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US downgrades anti-missile drills with Israel; sends CIA’s Petraeus instead to ease tensions

US downgrades anti-missile drills with Israel; sends CIA’s Petraeus instead to ease tensions
Only days after the United States announced that it will be scaling down its role in a joint-missile exercise with Israel scheduled for later this year, the US has sent CIA Director David Petraeus overseas to handle damage control.

Petraeus, the 59-year-old former commander of the International Security Assistance Force in Afghanistan, arrived in Israel on Monday to deal with what the Jewish state’s Debka news agency calls the “flames of discord” that have been fanned feverishly in recent days thanks to the latest news on a missile drill slated for next month.

The United States had previously agreed to participate at the beginning of 2012 in what was expected to be the largest joint missile exercise ever between the US and Israel, only for the program to be pushed back to October. Now the US says that they are drastically scaling back on the degree to which they are taking part, not just revoking its number of troops involved by more than one-third, but also calling into question how serious the United States might be about helping out allies in Israel in the event of a war with Iran, an outcome some have suggested is all but eventually certain.

“Basically what the Americans are saying is, ‘We don’t trust you,’” one senior Israeli military official tells Time Magazine this week on condition of anonymity.

Previously the US had agreed to send over around 5,000 troops to test Patriot missiles as part of the Austere 12 challenge; now they stand to send as few as 1,200, which effectively means that some of Patriot system will not be participating in the drills altogether, as a crew shortage preventing them from being tested . The United States has not officially announced if it plans on making any changes to its ship-based Aegis system, which it is slated to test net month alongside Israel's own Arrow, Patriot and Iron Drone missiles. Debka adds in their report that it is now uncertain, however, as to whether or not the US will still dispatch any of its Aegis Ballistic Missile Defense warships.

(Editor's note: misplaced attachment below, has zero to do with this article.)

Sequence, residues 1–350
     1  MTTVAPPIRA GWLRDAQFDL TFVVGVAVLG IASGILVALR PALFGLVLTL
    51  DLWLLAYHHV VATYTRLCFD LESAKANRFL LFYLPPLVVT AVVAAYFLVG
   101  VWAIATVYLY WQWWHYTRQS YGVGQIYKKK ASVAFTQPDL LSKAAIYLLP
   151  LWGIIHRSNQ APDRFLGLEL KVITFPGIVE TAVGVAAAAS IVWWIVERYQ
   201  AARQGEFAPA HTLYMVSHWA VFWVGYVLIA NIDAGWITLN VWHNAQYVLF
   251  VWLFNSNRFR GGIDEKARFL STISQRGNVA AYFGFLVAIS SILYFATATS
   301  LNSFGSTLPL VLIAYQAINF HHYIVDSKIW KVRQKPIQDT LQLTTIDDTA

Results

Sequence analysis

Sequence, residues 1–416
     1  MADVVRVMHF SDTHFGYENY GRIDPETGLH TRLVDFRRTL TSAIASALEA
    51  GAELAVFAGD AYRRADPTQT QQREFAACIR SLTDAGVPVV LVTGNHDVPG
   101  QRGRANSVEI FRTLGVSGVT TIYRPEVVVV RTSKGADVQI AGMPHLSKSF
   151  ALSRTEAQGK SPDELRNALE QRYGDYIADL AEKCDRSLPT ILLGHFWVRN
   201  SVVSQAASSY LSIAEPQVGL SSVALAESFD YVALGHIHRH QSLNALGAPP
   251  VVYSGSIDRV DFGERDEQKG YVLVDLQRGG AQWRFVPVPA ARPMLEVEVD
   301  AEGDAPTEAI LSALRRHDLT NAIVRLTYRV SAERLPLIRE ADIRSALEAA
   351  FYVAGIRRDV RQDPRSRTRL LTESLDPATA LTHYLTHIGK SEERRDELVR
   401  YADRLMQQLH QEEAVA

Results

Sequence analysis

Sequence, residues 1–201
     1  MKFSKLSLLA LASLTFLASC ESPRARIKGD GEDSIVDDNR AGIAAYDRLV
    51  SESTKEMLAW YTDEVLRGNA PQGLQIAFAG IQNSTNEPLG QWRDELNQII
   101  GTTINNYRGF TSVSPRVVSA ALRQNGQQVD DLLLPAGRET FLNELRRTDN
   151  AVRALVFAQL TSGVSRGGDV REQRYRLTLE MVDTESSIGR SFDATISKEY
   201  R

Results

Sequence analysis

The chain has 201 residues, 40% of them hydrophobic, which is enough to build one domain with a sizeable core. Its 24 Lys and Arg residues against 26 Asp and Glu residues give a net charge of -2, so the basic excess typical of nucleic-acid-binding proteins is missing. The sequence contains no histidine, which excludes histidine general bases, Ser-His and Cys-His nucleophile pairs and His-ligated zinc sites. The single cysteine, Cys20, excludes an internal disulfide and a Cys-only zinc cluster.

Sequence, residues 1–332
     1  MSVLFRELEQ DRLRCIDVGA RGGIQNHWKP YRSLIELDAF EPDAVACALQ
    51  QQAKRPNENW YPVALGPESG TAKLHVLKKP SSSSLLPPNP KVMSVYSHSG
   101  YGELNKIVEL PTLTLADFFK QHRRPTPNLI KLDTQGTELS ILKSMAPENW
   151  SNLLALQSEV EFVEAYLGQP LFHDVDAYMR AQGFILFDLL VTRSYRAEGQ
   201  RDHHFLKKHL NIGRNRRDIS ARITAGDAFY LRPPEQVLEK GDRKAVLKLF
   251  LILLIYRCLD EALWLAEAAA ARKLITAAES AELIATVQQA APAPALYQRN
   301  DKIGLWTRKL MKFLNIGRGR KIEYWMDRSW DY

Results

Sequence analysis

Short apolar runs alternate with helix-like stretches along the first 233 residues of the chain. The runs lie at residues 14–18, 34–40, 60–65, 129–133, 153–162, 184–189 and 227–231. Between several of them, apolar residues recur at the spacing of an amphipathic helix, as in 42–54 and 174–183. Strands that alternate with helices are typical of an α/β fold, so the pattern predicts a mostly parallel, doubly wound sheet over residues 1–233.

Now as Israeli/Iranian tensions continue to worsen, the US is acting uncertain about what role it may have in any war plans. Debka reports that Petraeus has been put in Israel to handle the blowback and ensure America’s faithful allies that all is well in terms of America’s intentions.

Only days earlier, Joint Chiefs of Staff Chairman Gen. Martin Dempsey told reporters in London that he doesn’t “want to be complicit” if Israel chooses to unilaterally attack Iran as tensions mount, and that such a strike would “clearly delay but probably not destroy Iran’s nuclear program.”

Responding to what the dispatch of Petraeus could be doing to ease Israeli minds, Chicago-based reporter Stephen Lendman writes on Indybay.org this week that any meeting between US and Israeli officials won’t, at this time, establish a deal.

“Washington has its own timetable,” Lendman writes. “Netanyahu's bluster won't change it.”

In Israel, however, officials seem much more adamant about getting America on board. Over the weekend, Prime Minister Benjamin Netanyahu told reporters, "I believe that the truth must be said, the international community [not the US] is not drawing a clear red line for Iran, and Iran does not see international determination to stop its nuclear program.”

"Until Iran sees this clear red line and this determination, it will not stop its advancement of the Iranian nuclear program. Iran must not have a nuclear weapon," the PM said.

According to remarks made last week by Gen. Dempsey, “Intelligence did not reveal intentions” that Israel is procuring nukes. US President Barack Obama has said that, until Iran fully relinquishes their nuclear warheads, “All options are on the table” in terms of a US attack. This week’s meeting between Petraeus and Israeli officials stands to solidify that role.